The Por­trait

The Northland Age - - Local Life / Opinion - Ana­hera Her­bert-Graves

Nga¯ti Kahu: Por­trait of a Sov­er­eign Na­tion was launched on Te Paatu Marae at Pama¯puria. This is an abridged review of it by Paul Moen­boyd (Te Aupo¯uri, Nga¯ti Pa¯ oa, Te A¯ tiawa).

‘The sum­mit of Rangika¯piti Pa¯, in the Far North town of Mango¯nui, over­looks the wide ex­panse of Tok­erau Moana (dubbed Doubt­less Bay by a quickly con­vinced Cook) and a vast swathe of Nga¯ti Kahu’s rohe. Sim­i­larly, Nga¯ ti Kahu, Por­trait of a Sov­er­eign Na­tion isa sweep­ing over­view of this iwi’s phys­i­cal and emo­tional to­pog­ra­phy, its mem­o­ries and heartaches, strug­gles and vic­to­ries.

‘Just as Nga¯ti Kahu draws its strength from its many dif­fer­ent hapu¯, so the Por­trait is made richer by its wide range of sources. Th­ese in­clude ir­re­place­able oral his­to­ries gath­ered by the project’s his­to­ri­ans, doc­u­men­tary ev­i­dence of wrong­ful land pur­chases, maps, quo­ta­tions from an ex­ten­sive bib­li­og­ra­phy of other works, ex­cerpts from let­ters and tes­ti­monies . . . Each of th­ese con­stituent parts come to­gether to trace a re­mark­able haka­papa of re­sis­tance.

‘True to its ti­tle, the Por­trait is a na­tion-build­ing ex­er­cise. In scope and reach, cov­er­ing the long haerenga (jour­ney) from dis­tant be­gin­nings to the chal­lenges of the present . . . il­lus­trat­ing events with first-hand ex­pe­ri­ence and steeped in Nga¯ti Kahu’s un­der­stand­ing of it­self and its place in the world, this work is a pou (a mark­ing post), carved with pepeha¯ (iden­ti­fy­ing say­ings) and hakatauk¯ı (proverbs), and ko¯rero o mua (tra­di­tions) . . .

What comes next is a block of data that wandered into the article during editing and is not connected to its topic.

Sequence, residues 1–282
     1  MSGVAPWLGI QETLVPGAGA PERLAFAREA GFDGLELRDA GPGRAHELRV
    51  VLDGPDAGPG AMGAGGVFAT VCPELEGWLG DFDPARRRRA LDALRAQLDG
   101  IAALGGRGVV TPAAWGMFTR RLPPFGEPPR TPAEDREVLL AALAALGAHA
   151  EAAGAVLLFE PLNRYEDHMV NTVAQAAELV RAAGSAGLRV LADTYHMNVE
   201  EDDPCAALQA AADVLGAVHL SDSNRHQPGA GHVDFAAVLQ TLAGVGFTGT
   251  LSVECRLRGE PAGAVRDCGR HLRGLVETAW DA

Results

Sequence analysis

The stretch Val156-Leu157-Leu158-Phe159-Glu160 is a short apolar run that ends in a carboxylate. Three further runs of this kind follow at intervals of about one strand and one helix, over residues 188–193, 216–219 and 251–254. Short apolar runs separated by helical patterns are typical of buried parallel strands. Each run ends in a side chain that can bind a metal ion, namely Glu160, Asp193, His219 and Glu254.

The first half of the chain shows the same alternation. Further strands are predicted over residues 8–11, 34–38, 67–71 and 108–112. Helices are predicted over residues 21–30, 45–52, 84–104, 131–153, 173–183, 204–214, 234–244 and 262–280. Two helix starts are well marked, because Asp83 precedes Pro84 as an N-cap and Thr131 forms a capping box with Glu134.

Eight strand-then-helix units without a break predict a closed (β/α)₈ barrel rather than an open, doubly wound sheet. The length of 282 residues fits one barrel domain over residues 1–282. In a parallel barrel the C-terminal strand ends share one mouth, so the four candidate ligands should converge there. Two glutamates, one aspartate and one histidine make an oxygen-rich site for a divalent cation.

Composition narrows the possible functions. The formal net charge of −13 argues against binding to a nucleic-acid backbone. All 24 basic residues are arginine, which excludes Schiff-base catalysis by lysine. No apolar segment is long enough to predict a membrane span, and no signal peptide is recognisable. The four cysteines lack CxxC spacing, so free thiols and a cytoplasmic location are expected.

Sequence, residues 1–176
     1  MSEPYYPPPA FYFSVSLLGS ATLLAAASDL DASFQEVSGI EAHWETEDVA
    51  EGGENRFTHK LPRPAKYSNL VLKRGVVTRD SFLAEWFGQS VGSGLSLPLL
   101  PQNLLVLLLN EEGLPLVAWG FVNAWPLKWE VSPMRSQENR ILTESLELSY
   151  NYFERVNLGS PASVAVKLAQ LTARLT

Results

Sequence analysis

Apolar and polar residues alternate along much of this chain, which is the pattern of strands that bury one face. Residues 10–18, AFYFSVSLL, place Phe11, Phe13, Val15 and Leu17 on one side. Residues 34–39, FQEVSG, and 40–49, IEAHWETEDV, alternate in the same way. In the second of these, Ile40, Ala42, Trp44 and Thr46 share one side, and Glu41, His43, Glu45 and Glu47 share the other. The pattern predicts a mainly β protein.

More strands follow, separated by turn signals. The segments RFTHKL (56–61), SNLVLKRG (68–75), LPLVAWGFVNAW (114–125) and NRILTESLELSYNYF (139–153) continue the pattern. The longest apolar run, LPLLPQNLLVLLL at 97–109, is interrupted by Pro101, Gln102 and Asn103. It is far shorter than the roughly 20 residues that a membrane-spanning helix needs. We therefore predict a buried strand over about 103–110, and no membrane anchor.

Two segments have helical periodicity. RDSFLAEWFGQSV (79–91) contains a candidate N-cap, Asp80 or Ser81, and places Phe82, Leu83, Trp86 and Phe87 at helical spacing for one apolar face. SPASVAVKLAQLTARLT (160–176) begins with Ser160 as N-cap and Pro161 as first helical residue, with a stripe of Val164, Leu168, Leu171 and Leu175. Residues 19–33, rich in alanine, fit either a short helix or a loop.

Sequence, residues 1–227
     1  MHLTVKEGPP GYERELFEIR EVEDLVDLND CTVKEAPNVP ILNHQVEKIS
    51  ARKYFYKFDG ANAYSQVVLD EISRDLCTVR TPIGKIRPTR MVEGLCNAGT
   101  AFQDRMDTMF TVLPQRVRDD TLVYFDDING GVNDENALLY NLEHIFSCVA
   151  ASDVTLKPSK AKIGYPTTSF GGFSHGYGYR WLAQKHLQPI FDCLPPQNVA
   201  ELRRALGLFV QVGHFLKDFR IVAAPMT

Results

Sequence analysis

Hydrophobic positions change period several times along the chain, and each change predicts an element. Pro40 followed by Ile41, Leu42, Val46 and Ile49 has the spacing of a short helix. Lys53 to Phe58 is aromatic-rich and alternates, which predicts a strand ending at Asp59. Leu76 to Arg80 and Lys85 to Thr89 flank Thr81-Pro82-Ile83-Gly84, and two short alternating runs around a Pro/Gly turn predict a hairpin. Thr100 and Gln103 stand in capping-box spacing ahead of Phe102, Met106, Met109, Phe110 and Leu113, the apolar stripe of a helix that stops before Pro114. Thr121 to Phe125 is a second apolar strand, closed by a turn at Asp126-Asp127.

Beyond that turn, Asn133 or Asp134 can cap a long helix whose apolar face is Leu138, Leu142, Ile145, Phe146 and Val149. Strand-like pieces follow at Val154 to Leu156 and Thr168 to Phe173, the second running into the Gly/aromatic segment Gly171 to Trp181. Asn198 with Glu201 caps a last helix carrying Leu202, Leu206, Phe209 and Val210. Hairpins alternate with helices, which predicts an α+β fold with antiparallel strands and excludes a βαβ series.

‘The Por­trait does not over­look the heke (rafters) that sus­tain the roof, the hapu¯ that form Nga¯ti Kahu. The in­hab­i­tants of ka¯inga (set­tle­ments) nes­tled in val­leys or dot­ted along the coast all have their time on the paepae (speak­ers’ bench). With the deep love of place that comes from gen­er­a­tions of con­tin­u­ous oc­cu­pa­tion, sto­ries of back coun­try rivers and hills and the riches within are told, as only those who have kept the ahi ka¯ (home fires) burn­ing for so long can.

‘ ... In a tone which would be be­mused ex­as­per­a­tion if not for the in­jus­tices that fol­lowed, the Por­trait ob­serves the dif­fi­cul­ties of the first Pa¯keha¯ in “liv­ing ac­cord­ing to the laws of this land.” De­spite its dis­pos­ses­sion, Nga¯ti Kahu tells of the ar­rival of th­ese guests not with anger, but with sad­ness at how the gen­er­ous hos­pi­tal­ity that was shown to the new ar­rivals was re­paid.

‘This Por­trait is more than a tes­ti­mony to Nga¯ti Kahu’s tena­cious strug­gle to hold on to its home. It is also a de­fi­ant cry of in­de­pen­dence, iden­tity and love for the peo­ple and land, founded in a deep aware­ness of the past and hope for the fu­ture. It is a re­ward­ing read for any­one with an in­ter­est in his­tory, iden­tity, and how mem­ory shapes not only our sense of self, [but also] the land­scape we live in and the way we imag­ine our fu­ture.’

Pub­lished by Huia, Por­trait is avail­able in book­shops na­tion­wide.

"This Por­trait is more than a tes­ti­mony to Nga¯ ti Kahu’s tena­cious strug­gle to hold on to its home. It is also a de­fi­ant cry of in­de­pen­dence, . . . "

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